Comments: Unconventional Access
- John Donnelly (JPT Editor)
- Document ID
- Society of Petroleum Engineers
- Journal of Petroleum Technology
- Publication Date
- January 2011
- Document Type
- Journal Paper
- 16 - 16
- 2011. Society of Petroleum Engineers
- 1 in the last 30 days
- 46 since 2007
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PTT Exploration and Production’s (PTTEP) agreement with Statoil to take a share of a Canadian oil sands development is just the latest in a string of deals by Asian oil companies made to gain access to unconventional resources in North America. Firms from China and India bought into projects throughout 2010 looking to gain access to new reserves as well as to gain technical knowhow.
Thailand’s PTTEP acquired a 40% interest from Statoil Canada in the Kai Kos Dehseh Oil Sands Project in western Canada in late November for USD 2.3 billion for its debut in the oil sands market. Statoil will keep the remaining 60% of the project. Kai Kos Dehseh has estimated reserves of 4.3 billion bbl and, using steam-assisted gravity drainage (SAGD), is on target to reach early production of 10,000 b/d in the first quarter of this year. Peak output is projected to be 300,000 b/d, which would help PTTEP move toward its goal of more than tripling current production to reach 900,000 BOEPD by 2020. “This acquisition provides the company access to a highly attractive oil sands deposit in Canada and a strong platform for future growth into unconventional resources,” the company said in a statement.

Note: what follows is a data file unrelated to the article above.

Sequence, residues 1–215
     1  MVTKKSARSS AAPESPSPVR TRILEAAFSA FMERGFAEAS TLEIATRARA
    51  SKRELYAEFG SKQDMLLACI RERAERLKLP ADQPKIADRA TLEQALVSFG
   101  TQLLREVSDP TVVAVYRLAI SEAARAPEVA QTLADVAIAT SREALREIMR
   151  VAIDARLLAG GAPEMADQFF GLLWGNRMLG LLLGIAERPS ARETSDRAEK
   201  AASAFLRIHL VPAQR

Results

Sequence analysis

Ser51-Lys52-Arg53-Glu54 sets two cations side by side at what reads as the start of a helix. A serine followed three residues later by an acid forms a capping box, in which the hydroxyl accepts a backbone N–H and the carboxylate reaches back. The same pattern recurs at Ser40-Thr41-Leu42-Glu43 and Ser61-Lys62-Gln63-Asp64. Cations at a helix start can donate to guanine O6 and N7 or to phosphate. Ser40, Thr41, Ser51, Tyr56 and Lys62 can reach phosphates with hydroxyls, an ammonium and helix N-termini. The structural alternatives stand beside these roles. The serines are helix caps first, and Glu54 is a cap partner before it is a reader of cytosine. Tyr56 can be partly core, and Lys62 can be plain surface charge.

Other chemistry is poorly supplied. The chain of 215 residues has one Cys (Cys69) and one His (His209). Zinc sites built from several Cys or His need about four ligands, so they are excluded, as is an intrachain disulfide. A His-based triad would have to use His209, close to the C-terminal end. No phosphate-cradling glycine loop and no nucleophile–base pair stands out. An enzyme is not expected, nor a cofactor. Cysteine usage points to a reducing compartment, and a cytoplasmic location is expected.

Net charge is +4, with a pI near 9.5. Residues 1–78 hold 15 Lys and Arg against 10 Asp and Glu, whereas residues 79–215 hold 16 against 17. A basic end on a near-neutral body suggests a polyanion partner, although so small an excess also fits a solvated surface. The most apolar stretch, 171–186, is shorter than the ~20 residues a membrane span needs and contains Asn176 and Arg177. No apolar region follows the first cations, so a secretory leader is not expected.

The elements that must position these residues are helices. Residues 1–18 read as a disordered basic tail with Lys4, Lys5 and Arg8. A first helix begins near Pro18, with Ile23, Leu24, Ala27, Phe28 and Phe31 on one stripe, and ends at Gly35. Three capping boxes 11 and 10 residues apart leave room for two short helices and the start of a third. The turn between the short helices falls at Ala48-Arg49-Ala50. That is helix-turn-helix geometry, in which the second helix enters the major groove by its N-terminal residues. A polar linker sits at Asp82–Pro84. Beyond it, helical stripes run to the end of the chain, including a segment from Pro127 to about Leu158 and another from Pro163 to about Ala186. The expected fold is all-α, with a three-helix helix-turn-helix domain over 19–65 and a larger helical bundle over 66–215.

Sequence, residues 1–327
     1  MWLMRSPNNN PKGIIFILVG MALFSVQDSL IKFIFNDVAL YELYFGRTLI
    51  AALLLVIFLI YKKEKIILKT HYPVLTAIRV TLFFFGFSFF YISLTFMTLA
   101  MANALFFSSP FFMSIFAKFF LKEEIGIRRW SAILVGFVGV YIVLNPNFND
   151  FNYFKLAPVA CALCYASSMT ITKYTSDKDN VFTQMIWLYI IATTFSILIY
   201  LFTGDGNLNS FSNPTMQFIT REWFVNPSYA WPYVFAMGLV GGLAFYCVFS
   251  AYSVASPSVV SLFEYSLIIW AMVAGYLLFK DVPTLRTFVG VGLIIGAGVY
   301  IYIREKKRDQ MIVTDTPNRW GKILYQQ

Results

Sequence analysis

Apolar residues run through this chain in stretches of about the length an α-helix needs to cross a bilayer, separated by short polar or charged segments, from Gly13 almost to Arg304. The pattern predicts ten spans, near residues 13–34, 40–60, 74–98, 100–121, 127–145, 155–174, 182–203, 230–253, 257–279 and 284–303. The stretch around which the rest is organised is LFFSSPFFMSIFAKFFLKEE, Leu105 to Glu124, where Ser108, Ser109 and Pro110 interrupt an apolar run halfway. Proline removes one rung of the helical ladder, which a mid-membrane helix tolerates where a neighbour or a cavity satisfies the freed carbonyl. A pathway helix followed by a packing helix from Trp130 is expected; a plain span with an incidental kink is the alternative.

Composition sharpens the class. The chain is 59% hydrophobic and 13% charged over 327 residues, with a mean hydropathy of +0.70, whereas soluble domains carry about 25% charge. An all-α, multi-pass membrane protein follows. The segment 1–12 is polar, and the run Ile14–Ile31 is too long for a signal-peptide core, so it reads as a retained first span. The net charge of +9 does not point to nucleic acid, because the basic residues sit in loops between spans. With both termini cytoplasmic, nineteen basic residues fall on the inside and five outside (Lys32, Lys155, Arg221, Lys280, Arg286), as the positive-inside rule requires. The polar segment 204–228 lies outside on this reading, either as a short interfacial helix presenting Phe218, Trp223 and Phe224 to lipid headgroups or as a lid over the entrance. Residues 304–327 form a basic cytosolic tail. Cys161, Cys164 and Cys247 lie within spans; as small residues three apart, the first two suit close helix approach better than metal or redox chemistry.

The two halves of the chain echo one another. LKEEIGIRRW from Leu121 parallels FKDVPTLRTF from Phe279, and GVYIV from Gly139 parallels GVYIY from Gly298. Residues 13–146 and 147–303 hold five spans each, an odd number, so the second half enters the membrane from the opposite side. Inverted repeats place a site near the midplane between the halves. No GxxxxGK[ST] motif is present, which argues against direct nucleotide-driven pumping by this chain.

This follows deals by China firm Sinopec to buy ConocoPhillips’ stake in oil sands producer Syncrude Canada, China Petrochemical Corp.’s purchase of Calgary-based Addax Petroleum, and PetroChina’s buy-in of a stake in Athabasca Oil Sands’ MacKay and Dover oil sands projects. China first began buying small stakes in oil sands projects in 2005.
Asian state oil companies are investing billions of dollars in oil sands projects in Canada and shale plays in the US. The goal is to secure new resources to fuel their booming economies and to learn the techniques and technologies that will help them develop unconventional resources in their own backyards. With oil prices steady above USD 70/bbl, SAGD oil sands projects remain economic and, with gas prices still depressed, independent producers are welcoming the infusion of Asian cash. Shale developments in North America have attracted a string of deals over the past 2 years, the latest being Chinese National Offshore Oil Corp.’s purchase of a one-third stake in Chesapeake Energy’s Eagle Ford shale acreage in south Texas in November.
Although reserves estimates for Asia’s unconventionals potential are sketchy, the International Energy Agency puts China’s unconventional gas reserves at 144 trillion cm. Some analysts believe that figure is much higher. Last August, China inaugurated a shale gas research center and set goals of locating 1 trillion cm of recoverable shale gas reserves, building 15 billion cm to 30 billion cm of production capacity, and producing 8% to 12% of China’s natural gas needs from shale by 2020. The US government is also encouraging China’s development of shale in hopes that it will help the country cut carbon emissions.
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